Who Begat Who, Again?

Genealogies are so exciting, we needed to talk about them again! Certainly, genealogies help us learn how we are connected, as we discovered last week, but they also tell us something very important: our place of origin. Where do we all start this journey we call ‘life’?

If we take Abraham, for example, we know that he’s the son of Terah, and he lived in Ur of the Chaldees before God called him to leave his home country to a place that God would show him (Genesis 11.27-12.4). Though he was advanced in age, God called Abraham to a journey of faith that took him many places, and when that journey was complete, he’d had a son. That’s where the people of Israel began with Abraham, Isaac, and Jacob. We remember Abraham as the one who was called righteous because he believed God (Romans 4.3).

Born to a Hebrew slave family in Egypt, Moses was drawn out of the water (which is what his name means) by an Egyptian princess to be raised in the Pharoah’s household. Interesting, isn’t it, that one of the greatest Old Testament leaders was raised in a place that was not his home, yet somehow God uses him to deliver the people of Israel from slavery into the promised land (Exodus 2.1-10). We remember Moses as the great deliverer and law-giver of the Old Testament (see John 1.17,Hebrews 11.23-28Revelation 15.3).

One of my favorites from the Old Testament is Amos. He prophesied to the people of Israel, calling them back to the righteousness of God in startling and uncompromising ways. When he gets challenged by a priest of God named Amaziah about being someone from God (Amos 7.10-17), Amos replies:

I was no prophet, nor a prophet’s son, but I was a herdsman and a dresser of sycamore figs. But the Lord took me from following the flock, and the Lord said to me, ‘Go, prophesy to my people Israel’ (Amos 7.14-15).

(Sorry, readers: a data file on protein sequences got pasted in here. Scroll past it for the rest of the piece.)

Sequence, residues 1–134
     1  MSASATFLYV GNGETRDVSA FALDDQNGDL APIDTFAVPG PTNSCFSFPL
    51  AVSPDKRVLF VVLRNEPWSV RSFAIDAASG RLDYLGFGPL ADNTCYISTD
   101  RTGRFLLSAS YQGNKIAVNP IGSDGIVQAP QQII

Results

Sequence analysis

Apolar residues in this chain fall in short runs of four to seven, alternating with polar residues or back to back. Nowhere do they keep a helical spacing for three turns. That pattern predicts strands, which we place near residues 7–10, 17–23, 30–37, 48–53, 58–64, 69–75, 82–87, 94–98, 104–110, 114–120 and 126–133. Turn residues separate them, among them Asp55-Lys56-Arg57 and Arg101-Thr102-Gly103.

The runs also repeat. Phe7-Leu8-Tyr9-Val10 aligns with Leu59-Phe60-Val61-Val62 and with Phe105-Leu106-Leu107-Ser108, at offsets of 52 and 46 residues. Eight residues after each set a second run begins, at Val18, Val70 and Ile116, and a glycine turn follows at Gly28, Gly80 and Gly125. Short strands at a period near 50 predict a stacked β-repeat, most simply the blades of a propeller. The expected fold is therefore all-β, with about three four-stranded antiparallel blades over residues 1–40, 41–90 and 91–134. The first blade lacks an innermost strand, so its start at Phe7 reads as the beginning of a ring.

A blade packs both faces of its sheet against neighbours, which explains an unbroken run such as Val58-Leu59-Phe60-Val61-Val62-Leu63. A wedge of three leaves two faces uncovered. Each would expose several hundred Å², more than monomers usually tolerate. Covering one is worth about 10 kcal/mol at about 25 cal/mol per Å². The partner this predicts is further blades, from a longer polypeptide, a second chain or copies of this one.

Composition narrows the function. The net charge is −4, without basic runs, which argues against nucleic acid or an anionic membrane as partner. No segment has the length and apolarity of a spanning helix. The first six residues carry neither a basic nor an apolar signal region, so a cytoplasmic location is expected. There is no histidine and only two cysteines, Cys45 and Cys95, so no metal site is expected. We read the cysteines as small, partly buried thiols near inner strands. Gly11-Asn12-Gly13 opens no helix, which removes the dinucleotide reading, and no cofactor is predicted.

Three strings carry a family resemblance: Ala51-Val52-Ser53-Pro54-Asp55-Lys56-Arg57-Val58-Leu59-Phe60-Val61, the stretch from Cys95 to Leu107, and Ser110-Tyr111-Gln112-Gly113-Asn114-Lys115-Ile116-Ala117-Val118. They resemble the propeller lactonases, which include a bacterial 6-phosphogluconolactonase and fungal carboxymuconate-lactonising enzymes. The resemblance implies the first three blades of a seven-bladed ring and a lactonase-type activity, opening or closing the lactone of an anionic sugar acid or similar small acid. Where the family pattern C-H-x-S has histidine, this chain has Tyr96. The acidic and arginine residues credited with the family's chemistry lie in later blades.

The point is that all these guys, and the innumerable folks we read in any of the genealogies of the Old Testament, started somewhere. Maybe it was a good place or maybe it was a bad place, maybe it was a predictable place or maybe it was an unlikely place, but they all come from somewhere. That most certainly tells us something about these guys — and it tells us something about us.

we all start somewhere

These genealogies remind us that our place of origin, our people of origin is important to who we are. The place we start — good or bad — is significant to the story of our lives. Our starting place is the beginning of this journey of faith for us.

What’s even more important to who we are, though, is something that is easy to overlook in these places of origin: God. Abraham was called by God to leave his family and land; Moses was called by God in the burning bush to lead the Israelites out of Egypt; and Amos was called from tending the flock and dressing the trees to be a prophet of God.

Truth is, they found their place of origin defined by God. Because in the end, we don’t trace our origins back to a father, a mother, a family, a home place. No, we trace our origins to God, the one in whom we live and move and have our being. Before we came from our families and homelands, we came from God. And who begat who reminds us of the one who created this world — and us — with a word: God.

Godspeed your journey as you take the fire with you.

A Text for the Table: 1 Chronicles 2.17-4.4.

Image credit: “Pumpkin Seeds.”